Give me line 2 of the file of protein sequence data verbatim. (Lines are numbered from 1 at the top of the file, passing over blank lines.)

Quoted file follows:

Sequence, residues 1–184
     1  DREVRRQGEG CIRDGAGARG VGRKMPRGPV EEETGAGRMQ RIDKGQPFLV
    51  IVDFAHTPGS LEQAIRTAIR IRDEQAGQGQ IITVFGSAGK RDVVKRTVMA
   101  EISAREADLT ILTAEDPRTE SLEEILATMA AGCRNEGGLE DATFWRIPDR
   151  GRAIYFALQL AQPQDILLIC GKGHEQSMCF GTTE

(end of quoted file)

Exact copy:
     1  DREVRRQGEG CIRDGAGARG VGRKMPRGPV EEETGAGRMQ RIDKGQPFLV